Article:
The University of Queensland team leverages field protocols with algorithms to produce maps for the Allen Coral Atlas. Get to know the team and their work.
The Mapping Team is based at University of Queensland’s Remote Sensing Research Centre (RSRC), in Australia. The Mapping Team leads the core, scientific mapping work of the Atlas: they make the maps! Taking data products from partner organizations Planet, ASU, and National Geographic, the team combines sophisticated cloud-computing computing techniques with over 75 years of collective mapping expertise to derive stunning and informative coral reef maps. After careful review, the maps are then passed back to Vulcan and National Geographic for display and dissemination to the coral reef and conservation community.
Meet the lab! From left to right: Prof Stuart Phinn, Dr Emma Kennedy, Dr Nick Murray, Dr Mitch Lyons, Dr Dan Harris. Dr Eva Kovacs, Dr Chris Roelfsema, Kat Markey, Meredith Roe, Dr Rodney Borrego-Acevedo
The Mapping Team includes a Cuban, a Solomon Islander, a Brit, a Dutchman, an Irishman and five Aussies — and are just as diverse in terms of their skillsets as their backgrounds. Prof. Stuart Phinn (world renowned earth observation and environmental change expert, and founding director of the RSRC) and Dr. Chris Roelfsema (senior lecturer, co-director of RSRC, with 20 years coral reef and seagrass mapping expertise) lead the UQ Mapping Team. Other members of the team are Dr. Emma Kennedy, Dr. Nick Murray, Dr. Mitch Lyons, Dr. Dan Harris. Dr. Eva Kovacs, Kat Markey, Meredith Roe, and Dr. Rodney Borrego-Acevedo.
The one thing every team member shares is a passion for the ocean. They're all water lovers and everyone takes part in field expeditions to remote reefs to collect the vital field data to underpin the maps. As team leader Dr. Chris Roelfsema loves to tell his team, "For effective coral reef mapping you need to first 'smell' the reef!"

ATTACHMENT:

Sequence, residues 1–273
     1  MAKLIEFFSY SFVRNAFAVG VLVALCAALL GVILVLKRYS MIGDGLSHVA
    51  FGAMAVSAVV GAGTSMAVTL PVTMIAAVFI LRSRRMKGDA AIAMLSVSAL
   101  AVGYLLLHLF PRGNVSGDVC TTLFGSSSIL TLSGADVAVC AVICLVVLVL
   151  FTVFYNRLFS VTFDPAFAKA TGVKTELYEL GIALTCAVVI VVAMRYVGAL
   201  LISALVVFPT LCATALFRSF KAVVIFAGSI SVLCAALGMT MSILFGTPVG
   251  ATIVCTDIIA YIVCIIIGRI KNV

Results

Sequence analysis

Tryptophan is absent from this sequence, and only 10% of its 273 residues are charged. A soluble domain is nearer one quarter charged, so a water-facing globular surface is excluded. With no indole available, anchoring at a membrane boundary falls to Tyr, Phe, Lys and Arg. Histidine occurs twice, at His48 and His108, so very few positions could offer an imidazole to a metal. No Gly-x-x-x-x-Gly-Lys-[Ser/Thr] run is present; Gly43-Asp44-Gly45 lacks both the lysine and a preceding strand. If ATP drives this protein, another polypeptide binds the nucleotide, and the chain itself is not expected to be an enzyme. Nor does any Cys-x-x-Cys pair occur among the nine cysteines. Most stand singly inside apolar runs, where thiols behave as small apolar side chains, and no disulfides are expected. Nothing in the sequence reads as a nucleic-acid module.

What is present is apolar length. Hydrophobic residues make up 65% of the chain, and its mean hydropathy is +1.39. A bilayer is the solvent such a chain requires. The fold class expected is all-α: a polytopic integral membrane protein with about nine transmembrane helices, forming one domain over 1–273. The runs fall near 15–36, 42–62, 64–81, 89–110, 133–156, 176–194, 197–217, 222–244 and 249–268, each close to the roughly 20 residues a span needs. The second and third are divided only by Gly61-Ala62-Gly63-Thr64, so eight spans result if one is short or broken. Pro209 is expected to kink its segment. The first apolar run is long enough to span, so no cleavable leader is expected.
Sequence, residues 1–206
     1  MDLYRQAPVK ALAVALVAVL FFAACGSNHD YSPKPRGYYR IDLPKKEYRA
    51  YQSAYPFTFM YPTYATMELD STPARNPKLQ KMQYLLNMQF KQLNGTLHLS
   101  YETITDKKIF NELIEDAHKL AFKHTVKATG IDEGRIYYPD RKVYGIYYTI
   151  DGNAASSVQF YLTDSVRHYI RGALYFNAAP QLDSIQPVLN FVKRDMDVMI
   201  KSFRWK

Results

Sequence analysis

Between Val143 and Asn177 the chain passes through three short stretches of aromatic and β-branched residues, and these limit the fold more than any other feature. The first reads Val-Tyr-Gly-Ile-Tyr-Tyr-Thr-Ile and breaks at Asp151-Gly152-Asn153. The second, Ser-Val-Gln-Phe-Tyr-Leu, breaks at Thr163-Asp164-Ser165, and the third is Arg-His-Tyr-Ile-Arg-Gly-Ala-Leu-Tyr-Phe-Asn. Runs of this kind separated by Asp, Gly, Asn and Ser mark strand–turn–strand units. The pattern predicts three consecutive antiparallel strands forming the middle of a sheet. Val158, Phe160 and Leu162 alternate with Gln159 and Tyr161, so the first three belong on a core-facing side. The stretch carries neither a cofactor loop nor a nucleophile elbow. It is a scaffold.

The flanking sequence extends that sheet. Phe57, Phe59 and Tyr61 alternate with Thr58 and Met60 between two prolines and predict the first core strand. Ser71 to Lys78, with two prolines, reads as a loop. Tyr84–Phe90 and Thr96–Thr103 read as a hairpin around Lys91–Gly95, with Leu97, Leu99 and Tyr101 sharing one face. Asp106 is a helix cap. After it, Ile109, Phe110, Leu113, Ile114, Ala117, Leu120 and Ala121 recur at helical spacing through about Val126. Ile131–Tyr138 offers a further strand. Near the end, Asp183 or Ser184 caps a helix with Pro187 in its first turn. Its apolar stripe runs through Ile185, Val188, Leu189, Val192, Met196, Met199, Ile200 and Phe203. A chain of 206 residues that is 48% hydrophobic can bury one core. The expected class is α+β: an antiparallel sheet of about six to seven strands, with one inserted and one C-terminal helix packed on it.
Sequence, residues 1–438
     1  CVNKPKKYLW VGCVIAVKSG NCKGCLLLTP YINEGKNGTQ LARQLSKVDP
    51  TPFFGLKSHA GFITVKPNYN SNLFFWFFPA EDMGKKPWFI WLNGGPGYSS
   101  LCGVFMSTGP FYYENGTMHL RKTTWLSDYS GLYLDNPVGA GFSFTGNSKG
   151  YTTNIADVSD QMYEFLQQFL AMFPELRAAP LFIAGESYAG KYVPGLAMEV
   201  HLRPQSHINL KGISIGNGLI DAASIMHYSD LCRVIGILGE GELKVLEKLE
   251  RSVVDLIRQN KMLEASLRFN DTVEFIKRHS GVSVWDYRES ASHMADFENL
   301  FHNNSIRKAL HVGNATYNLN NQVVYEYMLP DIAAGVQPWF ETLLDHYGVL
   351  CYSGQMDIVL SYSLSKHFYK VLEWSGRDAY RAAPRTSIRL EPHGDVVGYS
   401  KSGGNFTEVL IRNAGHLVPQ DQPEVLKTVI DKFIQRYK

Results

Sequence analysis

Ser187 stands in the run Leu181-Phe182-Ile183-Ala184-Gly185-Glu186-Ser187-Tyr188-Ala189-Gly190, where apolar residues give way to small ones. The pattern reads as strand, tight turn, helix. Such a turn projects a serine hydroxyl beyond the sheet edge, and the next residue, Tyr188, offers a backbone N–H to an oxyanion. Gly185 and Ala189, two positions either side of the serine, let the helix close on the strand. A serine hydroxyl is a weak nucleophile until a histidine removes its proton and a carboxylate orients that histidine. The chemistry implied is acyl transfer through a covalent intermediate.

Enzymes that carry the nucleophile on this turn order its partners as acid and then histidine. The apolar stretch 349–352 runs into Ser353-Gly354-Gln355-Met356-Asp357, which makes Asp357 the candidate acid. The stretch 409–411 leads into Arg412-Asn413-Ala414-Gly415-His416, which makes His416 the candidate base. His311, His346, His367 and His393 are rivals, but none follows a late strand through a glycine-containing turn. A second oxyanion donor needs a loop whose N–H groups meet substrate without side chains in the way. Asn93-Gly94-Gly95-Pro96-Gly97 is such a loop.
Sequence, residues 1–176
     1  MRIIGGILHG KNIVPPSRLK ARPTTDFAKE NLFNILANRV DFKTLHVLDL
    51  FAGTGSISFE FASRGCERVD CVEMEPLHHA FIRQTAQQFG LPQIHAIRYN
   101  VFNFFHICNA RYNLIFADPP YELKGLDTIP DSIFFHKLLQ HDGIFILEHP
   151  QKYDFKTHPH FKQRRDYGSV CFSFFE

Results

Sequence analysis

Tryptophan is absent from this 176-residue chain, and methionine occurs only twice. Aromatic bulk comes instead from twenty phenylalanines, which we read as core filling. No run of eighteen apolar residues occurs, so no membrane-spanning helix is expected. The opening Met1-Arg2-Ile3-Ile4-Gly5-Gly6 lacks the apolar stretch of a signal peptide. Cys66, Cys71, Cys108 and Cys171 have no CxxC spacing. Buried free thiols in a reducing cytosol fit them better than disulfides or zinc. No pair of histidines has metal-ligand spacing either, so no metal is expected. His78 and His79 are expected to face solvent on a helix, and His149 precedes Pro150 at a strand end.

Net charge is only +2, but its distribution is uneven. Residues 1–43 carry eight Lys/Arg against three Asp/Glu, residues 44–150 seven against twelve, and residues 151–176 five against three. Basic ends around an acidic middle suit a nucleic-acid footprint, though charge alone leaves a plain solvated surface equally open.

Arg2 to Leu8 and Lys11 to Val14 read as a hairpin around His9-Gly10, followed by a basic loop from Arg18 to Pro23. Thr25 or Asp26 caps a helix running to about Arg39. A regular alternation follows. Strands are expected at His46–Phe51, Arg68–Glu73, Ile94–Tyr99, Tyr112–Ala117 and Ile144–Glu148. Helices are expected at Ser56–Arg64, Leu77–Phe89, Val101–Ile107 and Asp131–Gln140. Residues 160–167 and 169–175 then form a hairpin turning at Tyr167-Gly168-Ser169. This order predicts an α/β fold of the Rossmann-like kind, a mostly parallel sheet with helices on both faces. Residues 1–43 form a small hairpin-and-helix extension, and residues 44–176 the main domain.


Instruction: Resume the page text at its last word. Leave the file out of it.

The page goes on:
Dr Eva Kovacs tows a GPS on her dive. This means that every image of the reef she takes is geo-referenced so she can later map it.
What are you reading right now?
Eva: The Seven Deaths of Evelyn Hardcastle, Stuart Turton.
Meredith: Guardians of Marovo Lagoon, Edvard Hviding.
Stuart: Dark Emu by Bruce Pascoe. Must read book for all “Australians” and especially high schools and universities on the true extent of aboriginal civilization and especially environmental stewardship and food production.
Chris: Flinders, The Man Who Mapped Australia by Rob Mundle. I love the part where it describes how Flinders navigated through the Great Barrier Reef, without maps, GPS or satellite imagery.
What’s a map that changed your life?
Eva: The course map for my first ultra-trail event — LOL!
Meredith: John Snow’s London cholera map. Very simple and clever and made a big difference to people’s lives.
Mitch: Not so much a map, but imagery — I’ve been in the Australian outback/desert many times, but there’s a certain beauty you can only appreciate about it from space.
Chris: The 2010 map of global coral reefs provided by UNEP. What it shows and what it is missing, specifically for the Great Barrier Reef.
Working onboard the Kalinda: After a long day of diving, Dr Eva Kovacs, Dr Emma Kennedy, Kat Markey, and guest researcher Alex Ordonez work into the night to upload, process, and backup georeferenced image data in preparation for later analysis.
What are you up to when not working on the Allen Coral Atlas?